Work continues in the riverbed for the Site C dam on the Peace River. (B.C. Hydro)

B.C. Hydro rates to rise another 8.1 per cent in next five years

$1.1 billion bailout by NDP government keeps rate hikes low for next two years

B.C. Hydro’s electricity rates are expected to increase 1.8 per cent on April 1 and another 0.7 per cent in 2020, part of a five-year program that will see rates rise by 8.1 per cent in the next five years.

The lower rates for the next two years are made possible by a $1.1 billion write-off of one of the utilities deferred debt accounts.

Energy Minister Michelle Mungall announced the new rate plan Thursday, emphasizing the impact has also been reduced by a cost-cutting review of the utility. That includes scaling back B.C. Hydro’s capital plan by more than $2 billion, while carrying on with necessary upgrades to aging dams and infrastructure around the province.

The rate increases are subject to approval by the B.C. Utilities Commission, which Mungall said will not be interfered with as it has in the past. If approved, the 2019 increase would cost the average customer who pays $1,000 a year for electricity another $18.

The plan includes suspending B.C. Hydro’s “standing offer program” for independent power producers and renegotiating existing power contracts, which the NDP government paused when it formed government in August, 2017. Some projects in the works have Indigenous partners in remote communities, and a consultation will be held to measure impacts.

B.C. Hydro currently has power purchase agreements with 19 wood waste generators, burning waste fibre from sawmills and pulp mills to generate steam and electricity. Those are to be kept going to help the mills manage their wood waste, while technology to convert wood fibre to biofuels is explored, Mungall said.

The plan includes suspending B.C. Hydro’s “standing offer program” for independent power producers and renegotiating existing power contracts, which the NDP government paused when it formed government in August, 2017.

RELATED: B.C. Hydro’s private power costs weigh utility down

The NDP’s long-standing warnings about cumulative costs of long-term private power contracts were reinforced this week with a report commissioned by the ministry showing the contracts forced B.C. Hydro to buy power it did not need at above-market rates. That report estimated that the costs of private power will cost the average customer an extra $200 per year over the next 20 years.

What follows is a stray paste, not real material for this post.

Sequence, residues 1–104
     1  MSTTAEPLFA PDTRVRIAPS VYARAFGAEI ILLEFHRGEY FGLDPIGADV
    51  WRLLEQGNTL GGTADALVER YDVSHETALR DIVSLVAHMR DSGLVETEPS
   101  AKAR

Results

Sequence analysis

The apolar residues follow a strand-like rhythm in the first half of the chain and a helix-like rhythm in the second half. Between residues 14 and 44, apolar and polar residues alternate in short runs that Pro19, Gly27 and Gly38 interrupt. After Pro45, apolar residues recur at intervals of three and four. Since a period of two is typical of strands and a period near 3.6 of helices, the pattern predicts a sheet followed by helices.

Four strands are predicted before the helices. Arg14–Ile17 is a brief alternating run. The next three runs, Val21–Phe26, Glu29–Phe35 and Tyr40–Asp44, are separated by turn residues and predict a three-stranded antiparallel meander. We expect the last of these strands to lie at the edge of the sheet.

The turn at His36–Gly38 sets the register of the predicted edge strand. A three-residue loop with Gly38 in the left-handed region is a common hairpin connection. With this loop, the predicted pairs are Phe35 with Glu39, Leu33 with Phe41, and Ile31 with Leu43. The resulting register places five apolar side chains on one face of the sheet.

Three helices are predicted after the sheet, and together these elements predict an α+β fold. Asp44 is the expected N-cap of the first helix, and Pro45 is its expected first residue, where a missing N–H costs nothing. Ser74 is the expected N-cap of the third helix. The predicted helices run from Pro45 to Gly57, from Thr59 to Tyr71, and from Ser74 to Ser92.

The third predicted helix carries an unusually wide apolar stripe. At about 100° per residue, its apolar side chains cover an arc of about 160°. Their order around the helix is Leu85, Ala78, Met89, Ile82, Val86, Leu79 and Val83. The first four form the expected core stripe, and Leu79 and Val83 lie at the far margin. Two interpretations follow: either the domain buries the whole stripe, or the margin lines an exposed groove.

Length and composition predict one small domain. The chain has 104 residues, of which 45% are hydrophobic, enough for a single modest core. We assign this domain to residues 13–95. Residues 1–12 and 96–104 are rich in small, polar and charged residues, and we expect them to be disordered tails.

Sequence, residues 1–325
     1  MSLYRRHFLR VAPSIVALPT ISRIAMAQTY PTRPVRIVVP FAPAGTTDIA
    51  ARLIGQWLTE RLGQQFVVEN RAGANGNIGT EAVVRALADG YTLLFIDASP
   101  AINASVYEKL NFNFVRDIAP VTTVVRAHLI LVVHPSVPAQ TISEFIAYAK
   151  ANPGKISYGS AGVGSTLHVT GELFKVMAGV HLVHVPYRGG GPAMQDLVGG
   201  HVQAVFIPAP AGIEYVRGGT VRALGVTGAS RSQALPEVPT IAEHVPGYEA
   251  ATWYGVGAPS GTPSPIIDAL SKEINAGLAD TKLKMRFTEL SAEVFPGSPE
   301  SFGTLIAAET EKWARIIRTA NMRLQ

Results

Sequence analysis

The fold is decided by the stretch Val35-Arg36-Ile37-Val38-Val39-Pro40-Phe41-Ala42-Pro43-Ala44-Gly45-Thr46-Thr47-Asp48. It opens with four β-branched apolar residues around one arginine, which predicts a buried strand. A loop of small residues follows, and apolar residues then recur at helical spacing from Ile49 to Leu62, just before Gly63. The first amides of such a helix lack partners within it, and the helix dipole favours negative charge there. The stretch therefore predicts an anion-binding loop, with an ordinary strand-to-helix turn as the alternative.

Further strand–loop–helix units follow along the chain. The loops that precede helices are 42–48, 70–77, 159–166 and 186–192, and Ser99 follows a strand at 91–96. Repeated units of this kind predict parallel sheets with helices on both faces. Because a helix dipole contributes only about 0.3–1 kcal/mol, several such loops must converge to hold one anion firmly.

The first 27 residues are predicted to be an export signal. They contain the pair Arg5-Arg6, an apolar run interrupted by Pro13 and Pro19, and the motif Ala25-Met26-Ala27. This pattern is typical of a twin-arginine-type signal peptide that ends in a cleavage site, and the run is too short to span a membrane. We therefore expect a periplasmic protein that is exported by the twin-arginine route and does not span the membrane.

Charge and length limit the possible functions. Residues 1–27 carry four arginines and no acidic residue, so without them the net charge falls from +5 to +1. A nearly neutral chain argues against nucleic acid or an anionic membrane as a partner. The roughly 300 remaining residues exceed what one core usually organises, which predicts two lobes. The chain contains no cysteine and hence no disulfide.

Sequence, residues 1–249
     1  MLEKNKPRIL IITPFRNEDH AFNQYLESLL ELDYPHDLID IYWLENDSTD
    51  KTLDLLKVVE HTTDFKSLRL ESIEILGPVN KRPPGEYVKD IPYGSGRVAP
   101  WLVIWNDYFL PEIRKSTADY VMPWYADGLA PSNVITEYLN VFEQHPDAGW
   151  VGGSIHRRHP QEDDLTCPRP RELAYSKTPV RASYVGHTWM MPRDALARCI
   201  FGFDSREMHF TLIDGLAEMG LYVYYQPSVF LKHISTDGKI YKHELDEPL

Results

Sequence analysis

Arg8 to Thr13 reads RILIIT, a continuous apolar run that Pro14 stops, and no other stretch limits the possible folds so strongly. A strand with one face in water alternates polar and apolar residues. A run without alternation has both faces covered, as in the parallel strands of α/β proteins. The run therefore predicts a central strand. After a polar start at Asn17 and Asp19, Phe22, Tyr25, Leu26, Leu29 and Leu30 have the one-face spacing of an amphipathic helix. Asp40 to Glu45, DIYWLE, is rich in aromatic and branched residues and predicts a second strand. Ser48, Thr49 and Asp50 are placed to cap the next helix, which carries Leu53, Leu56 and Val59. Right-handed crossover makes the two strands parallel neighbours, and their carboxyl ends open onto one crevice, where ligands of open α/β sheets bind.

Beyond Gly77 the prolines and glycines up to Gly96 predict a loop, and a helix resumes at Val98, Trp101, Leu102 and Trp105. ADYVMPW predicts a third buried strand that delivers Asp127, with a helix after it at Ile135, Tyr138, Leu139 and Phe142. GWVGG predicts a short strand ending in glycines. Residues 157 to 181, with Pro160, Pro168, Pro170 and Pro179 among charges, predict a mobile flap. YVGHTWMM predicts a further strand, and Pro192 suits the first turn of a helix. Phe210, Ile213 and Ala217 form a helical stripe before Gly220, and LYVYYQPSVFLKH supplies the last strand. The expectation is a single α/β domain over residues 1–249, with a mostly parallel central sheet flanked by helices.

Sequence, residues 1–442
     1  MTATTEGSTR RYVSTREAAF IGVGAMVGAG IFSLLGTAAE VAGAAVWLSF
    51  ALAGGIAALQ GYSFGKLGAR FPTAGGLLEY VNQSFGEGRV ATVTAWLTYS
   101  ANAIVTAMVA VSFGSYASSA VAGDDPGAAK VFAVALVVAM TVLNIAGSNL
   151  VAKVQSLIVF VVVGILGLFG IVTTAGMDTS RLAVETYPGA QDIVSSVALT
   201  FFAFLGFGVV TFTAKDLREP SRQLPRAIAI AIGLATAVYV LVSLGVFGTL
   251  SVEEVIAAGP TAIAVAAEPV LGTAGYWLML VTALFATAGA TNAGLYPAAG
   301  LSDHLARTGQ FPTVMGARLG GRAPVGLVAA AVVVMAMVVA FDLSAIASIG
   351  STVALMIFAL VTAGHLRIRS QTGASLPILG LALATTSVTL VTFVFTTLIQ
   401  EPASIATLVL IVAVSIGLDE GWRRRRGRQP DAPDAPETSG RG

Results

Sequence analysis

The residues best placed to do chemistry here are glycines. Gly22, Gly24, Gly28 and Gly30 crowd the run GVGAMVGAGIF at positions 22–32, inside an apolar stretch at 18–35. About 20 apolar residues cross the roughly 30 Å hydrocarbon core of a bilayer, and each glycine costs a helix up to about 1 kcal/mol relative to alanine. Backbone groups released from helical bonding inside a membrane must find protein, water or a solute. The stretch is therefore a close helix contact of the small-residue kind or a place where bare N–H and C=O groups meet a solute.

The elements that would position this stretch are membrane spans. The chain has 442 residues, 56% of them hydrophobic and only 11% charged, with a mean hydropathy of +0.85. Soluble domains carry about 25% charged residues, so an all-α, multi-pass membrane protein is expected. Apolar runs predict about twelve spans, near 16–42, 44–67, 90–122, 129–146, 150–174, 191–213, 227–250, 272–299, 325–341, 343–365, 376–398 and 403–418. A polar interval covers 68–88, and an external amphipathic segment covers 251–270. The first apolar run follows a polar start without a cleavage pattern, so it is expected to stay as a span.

Earlier demand forecasts showed B.C. Hydro would need more power than it projects today. Some mills and industrial operations have shut down, including the recent announcement that Mount Polley Mine near Quesnel is suspending operations due to low copper prices.

B.C. Liberal energy critic Greg Kyllo defended the previous government’s decision to seek energy self-sufficiency, even in the lowest water years, to reduce or eliminate the power being imported from other jurisdictions, most of which used coal or gas for at least some of their generation.

Kyllo questioned the fairness of the independent report by former B.C. Treasury Board director Ken Davidson, entitled “Zapped.” Davidson was a staffer in the previous NDP government who was brought in to provide the government with the conclusions it wanted, Kyllo said.


@tomfletcherbc
tfletcher@blackpress.ca

Like us on Facebook and follow us on Twitter.

Just Posted

Trail house fire under investigation

Regional District of Kootenay Boundary Fire Rescue responded early Monday

New head of library services at Trail Riverfront Centre

Samantha Murphy filled various positions at the Trail library over the past 5 years

St. Michael’s KIDS Care Centre and Little Saints kindergarten celebrated

Little Saints Junior Kindergarten will be ready to go this fall

Historic maps reveal obscure Arrow Lake place names

Place Names: Little-known Arrow Lakes names

A hint of NHL favoritism?

“There will certainly be lots of side stories, bottom stories, involved to draw my attention.”

QUIZ: Test your knowledge of Victoria Day

How much do you know about the monarch whose day we celebrate each May?

Top women’s hockey player Natalie Spooner coming to B.C.

Natalie Spooner special guest at annual Grindstone charity weekend in Kelowna

Take-home drug testing kits latest pilot to help curb B.C.’s overdose crisis

Researchers look to see if fentanyl testing could be a useful tool for those who use drugs alone

Facebook takes down anti-vaxxer page that used image of late Canadian girl

Facebook said that the social media company has disabled the anti-vaccination page

Search crews rescue kids, 6 and 7, stranded overnight on Coquitlam mountain

Father and two youngsters fall down a steep, treacherous cliff while hiking Burke Mountain

Raptors beat Bucks 118-112 in 2OT thriller

Leonard has 36 points as Toronto cuts Milwaukee’s series lead to 2-1

‘Teams that win are tight’: B.C. Lions search for chemistry at training camp

The Lions added more than 50 new faces over the off-season, from coaching staff to key players

Rescue crews suspend search for Okanagan kayaker missing for three days

71-year-old Zygmunt Janiewicz was reported missing Friday

B.C. VIEWS: Reality of our plastic recycling routine exposed

Turns out dear old China wasn’t doing such a great job

Most Read